"Except as provided in this section, a person may not practice law or represent that person as qualified to practice law unless that person is an active member of the Oregon State Bar."

(Emphasis added.) ORS 9.160(1) makes active membership in the Bar a job prerequisite to practicing law. Accordingly, an employer that discharged an employee for failing to retain active membership in the Bar would be entitled to relief of charges under ORS 657.471(5)(b).

ORS 9.490(1) grants the Bar authority to "formulate rules of professional conduct" for Bar members and the power to enforce those rules once they are adopted by the Supreme Court. The rules of professional conduct are "binding upon all members of the bar" and have the status of law in Oregon. ORS 9.490(1); State ex rel. Bryant v. Ellis, 301 Or 633, 636, 724 P2d 811 (1986). The grounds for disbarment, suspension, and reprimand of Bar members are governed by ORS 9.527, which provides, in part:

"The Supreme Court may disbar, suspend or reprimand a member of the bar whenever, upon proper proceedings for that purpose, it appears to the court that:

"* * * * *

"(7) The member has violated any of the provisions of the rules of professional conduct adopted pursuant to ORS 9.490."

Bar disciplinary proceedings are "sui generis and within the inherent power of the Supreme Court to control." ORS 9.529.

For the following reasons, we conclude that compliance with the rules of professional conduct does not constitute a "job prerequisite required by law or administrative rule" within the meaning of ORS 657.471(5)(b).

First, a violation of the rules of professional conduct does not always result in disbarment or suspension of an attorney. ORS 9.527(7) allows the Supreme Court to suspend or reprimand attorneys for violating the rules of professional conduct. In the event that an attorney is reprimanded as a consequence for violating a rule of professional conduct, the attorney can continue to practice law. In addition, even if attorneys violate a rule of professional conduct, they are not disqualified from practicing law unless or until their licenses to practice are either suspended or revoked.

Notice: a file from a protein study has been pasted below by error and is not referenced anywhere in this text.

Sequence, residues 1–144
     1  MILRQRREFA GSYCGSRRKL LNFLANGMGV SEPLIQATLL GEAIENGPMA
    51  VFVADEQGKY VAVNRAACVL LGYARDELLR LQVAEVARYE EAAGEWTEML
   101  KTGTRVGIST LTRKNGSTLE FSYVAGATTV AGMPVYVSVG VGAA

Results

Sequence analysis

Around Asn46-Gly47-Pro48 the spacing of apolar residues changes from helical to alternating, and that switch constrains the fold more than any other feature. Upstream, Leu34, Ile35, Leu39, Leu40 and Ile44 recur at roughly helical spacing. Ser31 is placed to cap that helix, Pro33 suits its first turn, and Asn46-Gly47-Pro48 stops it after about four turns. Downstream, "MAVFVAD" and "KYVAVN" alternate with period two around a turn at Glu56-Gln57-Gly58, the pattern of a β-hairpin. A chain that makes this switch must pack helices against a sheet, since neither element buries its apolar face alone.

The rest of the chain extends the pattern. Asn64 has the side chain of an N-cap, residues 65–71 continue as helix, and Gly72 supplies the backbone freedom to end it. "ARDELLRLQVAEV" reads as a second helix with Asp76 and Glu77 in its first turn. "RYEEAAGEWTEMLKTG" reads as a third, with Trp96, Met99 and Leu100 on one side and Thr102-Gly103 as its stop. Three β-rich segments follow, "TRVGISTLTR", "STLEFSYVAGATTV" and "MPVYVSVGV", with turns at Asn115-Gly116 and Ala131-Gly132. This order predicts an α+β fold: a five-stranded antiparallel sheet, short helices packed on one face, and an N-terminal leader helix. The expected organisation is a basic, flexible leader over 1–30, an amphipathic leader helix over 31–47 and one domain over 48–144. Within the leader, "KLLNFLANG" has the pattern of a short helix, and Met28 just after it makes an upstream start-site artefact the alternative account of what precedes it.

Second, the Supreme Court and the Bar have exclusive jurisdiction to enforce the rules of professional conduct. See Kidney Association of Oregon v. Ferguson, 315 Or 135, 141, 843 P2d 442 (1992); Frost v. Lotspeich, 175 Or App 163, 187, 30 P3d 1185 (2001). There must be a conclusive determination by either the Supreme Court or the Bar that the attorney is unable to comply, or failed to comply, with the rules of professional conduct and that the attorney's license to practice law was suspended or revoked as a result to entitle an employer to relief of unemployment charges under ORS 657.471(5)(b) for discharging an attorney on that basis.

In this case, neither the Supreme Court nor the Bar determined that the attorney was unable to comply with the rules of professional conduct during his employment. Nor did either impose any limitations on his ability to practice law while he was employed with employer. The attorney maintained active membership in the Bar throughout his tenure with employer. Accordingly, employer is not entitled to relief of charges pursuant to ORS 657.471(5)(b).

Affirmed.


1. Employer did not oppose the department's decision allowing the attorney to receive benefits. Instead, employer's only contention was that it should not be "charged" for those benefits.

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2. The Oregon Code of Professional Responsibility, which was effective during the attorney's employment, was replaced in January 2005 by the Oregon Rules of Professional Conduct. We refer collectively to the Oregon Code of Professional Responsibility and the Oregon Rules of Professional Conduct as the "rules of professional conduct."

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3. Specifically, employer contends that the ALJ's findings indicate that the attorney's medical condition rendered him unable to comply with the following Code of Professional Responsibility Disciplinary Rules (DR): DR 2-110(B)(3) (regarding a lawyer's duty to withdraw from representation if the lawyer's mental or physical condition renders it unreasonably difficult to carry out the representation); DR 2-106(A) (regarding a lawyer's duty to not charge or collect a clearly excessive fee); and DR 6-101(A) (regarding a lawyer's duty to provide competent representation).

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4. Former ORS 657.471(5) (1997) provided:

"(5) Benefits paid without any disqualification to an individual who has left work of an employer voluntarily for good cause not attributable to the employer shall not be charged to that employer for the immediate period of unemployment."

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5. There is no indication in the legislative history regarding whether the adult foster home, in the specific instance leading to HB 2698, was charged for unemployment benefits in that situation.